Growing cucumbers in your garden
- %count% cucumber seed varieties
- Prefers full sun exposure
- Delicious and easy to grow
- Make your own pickles with cucumbers grown in your own backyard
Understanding the varieties and types of cucumbers
Cucumber, (Cucumber sativus) is a popular creeping vine plant in the Cucurbitaceae family that produces cylindrical fruits that are eaten as vegetables. Cucumber is an annual plant that comes in three types: slicing, pickling, and burpless/seedless. Within each of these varieties, various cultivars have been developed. Cucumbers are native to South Asia, but they now thrive on almost every continent, thanks to the global market for cucumbers. Wild cucumber refers to plants in the genera Echinocystis and Marah in North America, albeit the two are not closely related.
Cucumbers used for pickling
Cucumbers are used in a variety of culinary dishes, and are especially delicious when sliced, diced and eaten as salads. People even juice cucumbers! Pickling is an incredibly popular usage of cucumbers, provided the right cucumbers are used. All that you need to make pickles is pickling cucumbers, vinegar, sugar, brine, and spices.
Try growing Straight 8, Long Green Improved, Marketmore 76, Spacemaster—these are all known as Slicing varieties as they can be picked and eaten raw. Or jump on the pickling bandwagon and grow Boston Pickling, National Pickling, and SMR 58. Try our heirloom Lemon cucumber seeds or White Wonder for a variety that your neighbor's garden may not have. Our cucumber seeds are on sale, by the packet or in bulk!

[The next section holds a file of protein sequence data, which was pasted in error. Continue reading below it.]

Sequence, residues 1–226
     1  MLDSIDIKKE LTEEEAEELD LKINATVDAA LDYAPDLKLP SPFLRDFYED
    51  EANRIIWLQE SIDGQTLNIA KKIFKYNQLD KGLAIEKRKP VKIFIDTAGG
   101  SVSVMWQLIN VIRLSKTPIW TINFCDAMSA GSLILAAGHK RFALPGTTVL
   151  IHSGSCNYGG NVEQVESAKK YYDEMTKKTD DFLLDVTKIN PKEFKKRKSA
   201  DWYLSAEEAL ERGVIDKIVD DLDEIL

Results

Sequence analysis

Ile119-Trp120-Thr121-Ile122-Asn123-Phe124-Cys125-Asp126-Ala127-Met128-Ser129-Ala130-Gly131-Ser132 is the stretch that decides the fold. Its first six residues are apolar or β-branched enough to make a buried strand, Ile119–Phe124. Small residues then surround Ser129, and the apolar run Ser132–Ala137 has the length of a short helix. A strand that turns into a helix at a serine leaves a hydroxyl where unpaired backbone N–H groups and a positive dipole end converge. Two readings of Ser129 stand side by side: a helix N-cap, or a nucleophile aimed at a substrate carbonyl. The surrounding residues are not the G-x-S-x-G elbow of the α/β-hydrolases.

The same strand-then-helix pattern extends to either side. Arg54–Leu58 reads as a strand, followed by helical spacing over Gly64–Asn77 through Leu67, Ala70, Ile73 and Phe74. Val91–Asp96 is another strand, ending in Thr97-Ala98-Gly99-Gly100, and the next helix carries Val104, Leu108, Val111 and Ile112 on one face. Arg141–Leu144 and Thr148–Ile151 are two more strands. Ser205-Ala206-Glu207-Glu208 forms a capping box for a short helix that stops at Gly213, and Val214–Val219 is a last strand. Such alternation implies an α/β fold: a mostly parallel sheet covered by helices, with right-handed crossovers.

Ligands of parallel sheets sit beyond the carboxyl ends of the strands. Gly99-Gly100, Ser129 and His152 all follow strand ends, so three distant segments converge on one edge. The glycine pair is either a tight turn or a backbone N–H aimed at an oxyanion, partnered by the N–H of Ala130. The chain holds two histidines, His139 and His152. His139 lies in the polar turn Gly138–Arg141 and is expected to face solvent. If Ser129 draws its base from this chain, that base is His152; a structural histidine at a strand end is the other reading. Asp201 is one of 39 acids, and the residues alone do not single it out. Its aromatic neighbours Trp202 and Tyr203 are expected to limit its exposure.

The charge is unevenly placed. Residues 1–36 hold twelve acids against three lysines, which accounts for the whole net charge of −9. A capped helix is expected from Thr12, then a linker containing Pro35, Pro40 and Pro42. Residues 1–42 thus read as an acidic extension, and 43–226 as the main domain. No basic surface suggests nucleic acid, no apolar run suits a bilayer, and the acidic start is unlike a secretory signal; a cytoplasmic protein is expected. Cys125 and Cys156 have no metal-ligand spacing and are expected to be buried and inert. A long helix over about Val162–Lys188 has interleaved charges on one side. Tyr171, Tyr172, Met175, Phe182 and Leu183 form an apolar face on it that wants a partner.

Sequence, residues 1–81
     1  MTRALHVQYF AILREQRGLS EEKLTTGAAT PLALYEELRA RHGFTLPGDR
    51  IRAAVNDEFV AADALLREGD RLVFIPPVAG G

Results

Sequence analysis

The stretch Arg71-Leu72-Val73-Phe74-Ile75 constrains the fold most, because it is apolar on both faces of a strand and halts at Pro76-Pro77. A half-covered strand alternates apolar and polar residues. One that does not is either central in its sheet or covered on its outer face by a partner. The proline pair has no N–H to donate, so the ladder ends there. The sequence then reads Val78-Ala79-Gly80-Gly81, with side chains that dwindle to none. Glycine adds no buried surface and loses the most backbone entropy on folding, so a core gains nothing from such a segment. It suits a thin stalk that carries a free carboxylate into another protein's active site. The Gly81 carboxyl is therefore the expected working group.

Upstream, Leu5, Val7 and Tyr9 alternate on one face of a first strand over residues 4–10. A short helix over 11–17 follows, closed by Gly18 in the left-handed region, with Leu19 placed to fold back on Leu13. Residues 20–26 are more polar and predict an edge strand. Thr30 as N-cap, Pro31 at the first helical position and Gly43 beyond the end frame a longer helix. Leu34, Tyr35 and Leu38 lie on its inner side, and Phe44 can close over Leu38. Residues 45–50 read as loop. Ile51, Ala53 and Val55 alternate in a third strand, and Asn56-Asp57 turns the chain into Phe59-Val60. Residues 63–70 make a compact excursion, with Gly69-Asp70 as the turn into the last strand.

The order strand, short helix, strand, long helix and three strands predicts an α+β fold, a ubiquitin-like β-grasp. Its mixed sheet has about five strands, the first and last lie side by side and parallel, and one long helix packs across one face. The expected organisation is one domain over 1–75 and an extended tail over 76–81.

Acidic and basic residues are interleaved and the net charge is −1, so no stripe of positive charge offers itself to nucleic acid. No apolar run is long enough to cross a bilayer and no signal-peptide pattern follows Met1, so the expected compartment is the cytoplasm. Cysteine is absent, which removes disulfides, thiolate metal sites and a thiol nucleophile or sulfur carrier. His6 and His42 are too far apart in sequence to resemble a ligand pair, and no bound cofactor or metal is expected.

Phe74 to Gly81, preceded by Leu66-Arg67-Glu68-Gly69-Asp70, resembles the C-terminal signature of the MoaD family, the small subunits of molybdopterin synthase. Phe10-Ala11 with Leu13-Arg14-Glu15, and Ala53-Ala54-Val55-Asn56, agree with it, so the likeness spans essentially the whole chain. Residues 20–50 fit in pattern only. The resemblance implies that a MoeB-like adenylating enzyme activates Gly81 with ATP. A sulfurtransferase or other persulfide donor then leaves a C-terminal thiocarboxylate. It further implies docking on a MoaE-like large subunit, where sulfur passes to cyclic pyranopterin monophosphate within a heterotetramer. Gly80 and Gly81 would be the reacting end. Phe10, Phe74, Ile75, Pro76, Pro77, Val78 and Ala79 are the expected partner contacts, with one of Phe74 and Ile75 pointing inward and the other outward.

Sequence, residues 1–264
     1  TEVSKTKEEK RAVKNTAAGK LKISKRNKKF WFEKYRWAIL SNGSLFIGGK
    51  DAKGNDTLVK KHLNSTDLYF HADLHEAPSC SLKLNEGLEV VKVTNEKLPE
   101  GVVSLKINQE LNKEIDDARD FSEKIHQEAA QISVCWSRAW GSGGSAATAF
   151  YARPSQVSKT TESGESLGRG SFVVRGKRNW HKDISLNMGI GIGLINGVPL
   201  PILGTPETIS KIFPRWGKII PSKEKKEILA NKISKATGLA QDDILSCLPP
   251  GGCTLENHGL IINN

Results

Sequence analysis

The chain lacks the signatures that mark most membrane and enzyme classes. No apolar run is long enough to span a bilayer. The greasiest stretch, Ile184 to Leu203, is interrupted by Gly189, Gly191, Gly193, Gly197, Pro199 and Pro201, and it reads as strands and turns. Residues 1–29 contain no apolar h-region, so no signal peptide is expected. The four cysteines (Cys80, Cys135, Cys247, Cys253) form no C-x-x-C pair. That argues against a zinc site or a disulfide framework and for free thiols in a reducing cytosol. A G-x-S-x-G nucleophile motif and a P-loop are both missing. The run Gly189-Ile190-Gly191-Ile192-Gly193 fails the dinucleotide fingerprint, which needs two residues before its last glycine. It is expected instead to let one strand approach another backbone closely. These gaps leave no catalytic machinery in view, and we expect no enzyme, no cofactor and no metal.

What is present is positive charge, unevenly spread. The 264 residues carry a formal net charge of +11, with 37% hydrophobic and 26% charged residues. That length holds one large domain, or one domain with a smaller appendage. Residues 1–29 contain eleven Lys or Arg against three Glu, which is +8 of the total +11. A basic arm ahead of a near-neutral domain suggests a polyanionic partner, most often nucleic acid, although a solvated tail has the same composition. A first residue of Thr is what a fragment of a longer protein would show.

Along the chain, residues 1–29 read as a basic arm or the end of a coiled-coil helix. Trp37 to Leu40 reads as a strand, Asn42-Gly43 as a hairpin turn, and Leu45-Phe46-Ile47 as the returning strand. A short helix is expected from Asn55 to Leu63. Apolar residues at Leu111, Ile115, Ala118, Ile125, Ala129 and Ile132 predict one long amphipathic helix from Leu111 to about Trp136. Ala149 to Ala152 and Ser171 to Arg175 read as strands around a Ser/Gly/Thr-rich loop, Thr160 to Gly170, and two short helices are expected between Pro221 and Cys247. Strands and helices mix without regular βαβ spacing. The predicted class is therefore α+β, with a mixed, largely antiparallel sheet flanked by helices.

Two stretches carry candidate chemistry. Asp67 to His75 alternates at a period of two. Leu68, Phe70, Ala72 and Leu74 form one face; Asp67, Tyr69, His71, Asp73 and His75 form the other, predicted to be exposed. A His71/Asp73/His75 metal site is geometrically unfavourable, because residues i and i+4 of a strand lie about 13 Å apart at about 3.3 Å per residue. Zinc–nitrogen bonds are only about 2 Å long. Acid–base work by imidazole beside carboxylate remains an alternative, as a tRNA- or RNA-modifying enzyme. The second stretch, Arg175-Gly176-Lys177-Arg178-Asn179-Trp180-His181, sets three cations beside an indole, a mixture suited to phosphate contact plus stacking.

What to know when planting cucumbers
When planting cucumbers, look for an area that receives full sun and has rich, well-draining soil. You can amend your soil with compost or manure prior to planting to enrich the cucumber's environment. You'll want to direct sow the seeds three to four weeks after the last frost in the spring. You can also start the seeds indoors four to six weeks before your last frost, providing you use a grow light and seed starting soil mix. Plant 1/2 inch deep and about one inch apart. Alternatively, you can create hills four to six feet apart, with six to eight seeds per hill. With the hill method, you will need to cut the three weakest plants once the seedlings emerge. Make sure to keep the soil moist. Because cucumbers are vine plants, the use of a trellis might prove to be beneficial.
For more information about planting, growing, and caring for cucumber seeds, see the Cucumber Seeds Planting Guide.